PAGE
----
“I forgot how quickly I start narrating stuff out loud to myself when left to my own devices.” –Message to a friend about my month in Melbourne
The other night I walked around for hours, too afraid to listen to my iPod based on my current dreamy state and nervousness about not looking the right way when I looked both ways. I sang songs in my head, like I always do, except maybe at a more fevered pace. It was cold and I was hungry. I wondered, could a night have a Top 5 list? As I walked and shopped, ate and remembered, I came up with mine. Here’s what happened the other night, and what I was singing in my head.
“For the Young Sophisticate” by Frank Zappa
It was raining the first time I realized I had missed Rosh Hashanah. I slept until 1:30pm that day, a blessing when you work until 4:00am, but even all those precious zzs couldn’t help me shake the tired fog that surrounded me. That level of exhaustion veers in two directions: magical or depressing, but the depression is particular. It’s not real feelings and chemicals, even if you think it is. It’s little kid sadness—you’re so tired, you could cry over anything. A stubbed toe is a tragedy, a missed TV show is a reason to call it quits and crawl back into bed. As for the magical—well, sometimes you’re sitting at brunch and you wonder if you’re awake or dreaming. Rain drops twinkle and wink. You wonder if you thought about it really hard, if maybe you could fly.
It was raining and I was walking to my third convenience store, trying to find the perfect Cadburys bar or a flavor of Tim Tams I hadn’t tried yet. I remembered it was Rosh Hashanah. No apples, no honey, no family dinner. I burst into tears. I conjured the song that had been looping through my mind for days. “Dear Heart, Dear Heart, tell me tell me what’s the reason,” I hummed. I turned it into a Zappa mash-up, I imagined his voice saying “Is that a REAL poncho or a SEARS poncho?” I smiled.
“Pablo Picasso,” Jonathan Richman
I went to a souvlaki joint. I ordered a souvlaki, and while I waited, I killed a cockroach on my table with a handful of receipts I’d found in my purse. I wondered why people always ask me twice if I want chili sauce. Did I stutter? I read “Love Goes to the Building on Fire” and I thought about Jonathan Richman. What does his music sound like now? Is he good live? I tried to figure out what my Top 5 Jonathan Richman songs are, but I got distracted by the phantom cockroaches that I kept imagining scuttling across the Formica.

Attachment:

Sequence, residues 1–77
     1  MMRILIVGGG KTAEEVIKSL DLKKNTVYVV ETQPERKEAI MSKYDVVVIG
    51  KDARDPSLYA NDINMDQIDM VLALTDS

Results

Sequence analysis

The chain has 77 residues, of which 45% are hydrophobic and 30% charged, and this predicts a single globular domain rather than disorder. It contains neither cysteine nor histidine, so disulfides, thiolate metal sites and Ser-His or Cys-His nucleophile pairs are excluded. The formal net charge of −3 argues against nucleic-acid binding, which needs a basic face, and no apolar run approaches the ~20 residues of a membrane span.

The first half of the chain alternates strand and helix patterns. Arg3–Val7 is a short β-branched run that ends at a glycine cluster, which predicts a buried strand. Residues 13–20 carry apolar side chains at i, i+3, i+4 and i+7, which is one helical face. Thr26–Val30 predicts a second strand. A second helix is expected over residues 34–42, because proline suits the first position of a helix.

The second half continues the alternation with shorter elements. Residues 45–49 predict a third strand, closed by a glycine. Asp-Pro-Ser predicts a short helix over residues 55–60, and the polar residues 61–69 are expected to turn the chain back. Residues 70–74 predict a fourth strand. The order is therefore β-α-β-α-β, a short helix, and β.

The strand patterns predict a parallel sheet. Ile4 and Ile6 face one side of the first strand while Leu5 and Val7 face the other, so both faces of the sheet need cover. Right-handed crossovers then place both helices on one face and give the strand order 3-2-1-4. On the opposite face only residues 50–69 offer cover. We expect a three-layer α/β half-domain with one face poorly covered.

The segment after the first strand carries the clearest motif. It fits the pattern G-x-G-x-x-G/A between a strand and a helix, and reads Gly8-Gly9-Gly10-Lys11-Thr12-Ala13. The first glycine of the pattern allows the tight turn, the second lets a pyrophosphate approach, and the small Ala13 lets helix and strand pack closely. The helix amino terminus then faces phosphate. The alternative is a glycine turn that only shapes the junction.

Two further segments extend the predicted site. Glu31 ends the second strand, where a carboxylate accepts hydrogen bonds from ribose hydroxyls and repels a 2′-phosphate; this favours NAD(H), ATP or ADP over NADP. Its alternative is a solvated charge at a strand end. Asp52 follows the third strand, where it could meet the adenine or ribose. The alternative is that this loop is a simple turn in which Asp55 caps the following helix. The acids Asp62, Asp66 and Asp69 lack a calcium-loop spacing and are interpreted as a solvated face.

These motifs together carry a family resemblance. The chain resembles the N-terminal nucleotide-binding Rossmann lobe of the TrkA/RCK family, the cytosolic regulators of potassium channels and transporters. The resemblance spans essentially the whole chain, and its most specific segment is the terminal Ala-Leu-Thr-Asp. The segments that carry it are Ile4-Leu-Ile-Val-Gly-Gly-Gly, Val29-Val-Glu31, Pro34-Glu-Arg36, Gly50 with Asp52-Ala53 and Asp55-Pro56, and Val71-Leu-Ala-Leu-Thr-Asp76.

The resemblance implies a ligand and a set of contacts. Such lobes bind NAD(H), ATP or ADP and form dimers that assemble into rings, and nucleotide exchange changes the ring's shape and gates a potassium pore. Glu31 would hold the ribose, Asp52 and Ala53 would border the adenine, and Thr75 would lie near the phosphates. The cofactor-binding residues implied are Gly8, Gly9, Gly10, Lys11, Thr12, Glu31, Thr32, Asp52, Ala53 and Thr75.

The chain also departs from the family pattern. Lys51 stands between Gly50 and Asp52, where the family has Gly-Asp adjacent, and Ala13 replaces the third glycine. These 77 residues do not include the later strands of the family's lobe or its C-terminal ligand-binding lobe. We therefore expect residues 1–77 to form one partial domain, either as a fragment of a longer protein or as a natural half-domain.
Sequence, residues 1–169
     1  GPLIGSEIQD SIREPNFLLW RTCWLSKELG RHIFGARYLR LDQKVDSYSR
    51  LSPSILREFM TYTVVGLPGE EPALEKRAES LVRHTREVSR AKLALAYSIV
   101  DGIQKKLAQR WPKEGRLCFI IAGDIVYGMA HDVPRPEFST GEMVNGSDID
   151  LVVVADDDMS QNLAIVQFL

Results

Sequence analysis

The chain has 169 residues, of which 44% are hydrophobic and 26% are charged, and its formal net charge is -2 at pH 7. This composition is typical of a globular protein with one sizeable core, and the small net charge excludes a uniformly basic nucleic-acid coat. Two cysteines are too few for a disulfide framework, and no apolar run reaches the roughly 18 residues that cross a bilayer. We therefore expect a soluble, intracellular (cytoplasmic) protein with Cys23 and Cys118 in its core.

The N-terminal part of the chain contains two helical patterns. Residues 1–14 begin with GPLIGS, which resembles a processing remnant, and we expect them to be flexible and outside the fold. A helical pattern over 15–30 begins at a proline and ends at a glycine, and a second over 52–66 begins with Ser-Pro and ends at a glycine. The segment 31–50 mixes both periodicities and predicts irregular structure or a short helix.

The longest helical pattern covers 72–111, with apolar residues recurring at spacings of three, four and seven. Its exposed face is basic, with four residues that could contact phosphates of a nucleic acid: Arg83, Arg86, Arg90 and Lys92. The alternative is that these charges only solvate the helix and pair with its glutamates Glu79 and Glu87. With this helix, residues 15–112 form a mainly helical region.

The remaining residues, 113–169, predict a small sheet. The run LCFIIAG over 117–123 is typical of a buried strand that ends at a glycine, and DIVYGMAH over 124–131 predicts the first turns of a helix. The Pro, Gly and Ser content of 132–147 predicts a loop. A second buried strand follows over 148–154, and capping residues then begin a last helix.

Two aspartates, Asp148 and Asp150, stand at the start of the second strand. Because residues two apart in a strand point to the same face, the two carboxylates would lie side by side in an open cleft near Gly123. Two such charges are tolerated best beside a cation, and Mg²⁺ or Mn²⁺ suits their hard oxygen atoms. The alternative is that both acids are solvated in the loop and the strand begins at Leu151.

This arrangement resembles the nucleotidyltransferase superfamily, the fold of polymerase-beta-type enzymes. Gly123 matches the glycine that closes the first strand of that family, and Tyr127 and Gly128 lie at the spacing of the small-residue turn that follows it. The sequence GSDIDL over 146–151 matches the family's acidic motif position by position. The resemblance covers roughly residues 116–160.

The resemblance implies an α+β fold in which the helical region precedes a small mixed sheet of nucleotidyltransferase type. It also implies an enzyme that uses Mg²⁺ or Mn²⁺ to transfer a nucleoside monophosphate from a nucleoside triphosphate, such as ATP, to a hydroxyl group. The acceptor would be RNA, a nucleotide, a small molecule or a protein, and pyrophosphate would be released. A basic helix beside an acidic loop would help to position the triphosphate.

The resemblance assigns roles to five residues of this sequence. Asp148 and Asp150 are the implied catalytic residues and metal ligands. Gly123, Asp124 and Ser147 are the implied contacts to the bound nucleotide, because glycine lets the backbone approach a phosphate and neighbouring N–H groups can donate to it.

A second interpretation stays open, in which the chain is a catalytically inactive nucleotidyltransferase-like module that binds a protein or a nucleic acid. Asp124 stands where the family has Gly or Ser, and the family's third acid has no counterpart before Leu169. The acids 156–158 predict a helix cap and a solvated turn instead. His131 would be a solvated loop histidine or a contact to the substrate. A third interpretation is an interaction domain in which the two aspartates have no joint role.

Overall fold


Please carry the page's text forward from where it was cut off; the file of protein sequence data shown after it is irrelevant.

“Dry the Rain,” The Beta Band
High Fidelity showed up on TV a few hours before I left the house. I caught it a minute before it started. It was a Rosh Hashanah miracle. It wasn’t the first time that I felt like Rob Gordon knew I was feeling down, and had arrived to pull me out of a funk, or give me permission to embrace it. And what better song to walk through the rain, in need of cheer and food and a good soundtrack, then the Beta Band’s “Dry the Rain”? Yes, I will be alright. You’re right, Rob Gordon, you’re right as usual.
“Stupid Thing” and “Freeway” by Aimee Mann
I keep coming home and listening to Joni Mitchell. I keep resting my forehead against the cool, calm of tried and true singer songwriters. Joni Mitchell, Aimee Mann, Carole King. I play a little Etta James as the day winds down, I play a little Joni Mitchell during my first late night espresso. I play Carole King when it’s raining really hard, but I only did that once because she kind of bores me, and listening to “Far Away” started to seem downright maudlin. And I listen to an entire Aimee Mann album every night, so the low buzz in my head when I’m not thinking is replaced for days by “Freeway” and “Stupid Thing.” Musical comfort food, Aimee Mann.
“Listen to Her Heart,” by Tom Petty
My friend Amy Berkowitz did a reading from her new book “Listen to Her Heart” a few months ago. There was a line in one of the poems about going to the drugstore when you’re lonely, buying hair ties. I’ve done that a hundred times. I love moments like that in poetry—when you see a bit of yourself that’s always been there, but you’ve never noticed. When I went to the pharmacy in Melbourne the other day, hair ties cost double. No thoughtless buying allowed when they cost double.
My boyfriend was working late, and every day I tried to bring him a treat. I went treat shopping after souvlaki. I flicked through racks of Tim Tams, I dawdled in a myriad of brightly colored candy aisles. At the grocery store, I bought a chocolate bar with raspberry jelly bean bits and honey comb laced throughout. It reminded me of the kind of candy bar a child would make, the first experiment that would’ve come out of Willy Wonka’s factory after Charlie took over. “All sweets together all at once!” I ate half of it on the way home.